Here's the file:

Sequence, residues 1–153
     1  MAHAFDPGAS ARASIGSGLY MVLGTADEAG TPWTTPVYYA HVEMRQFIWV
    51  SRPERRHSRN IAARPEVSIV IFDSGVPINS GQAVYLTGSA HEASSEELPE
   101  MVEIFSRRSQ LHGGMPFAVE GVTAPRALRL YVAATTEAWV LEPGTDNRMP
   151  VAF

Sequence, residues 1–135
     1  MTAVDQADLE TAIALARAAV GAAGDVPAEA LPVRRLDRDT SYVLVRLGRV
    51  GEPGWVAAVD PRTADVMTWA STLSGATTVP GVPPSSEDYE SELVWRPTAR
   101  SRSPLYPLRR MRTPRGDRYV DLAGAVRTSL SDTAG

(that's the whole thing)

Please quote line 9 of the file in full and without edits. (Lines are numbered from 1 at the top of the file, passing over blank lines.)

   101  SRSPLYPLRR MRTPRGDRYV DLAGAVRTSL SDTAG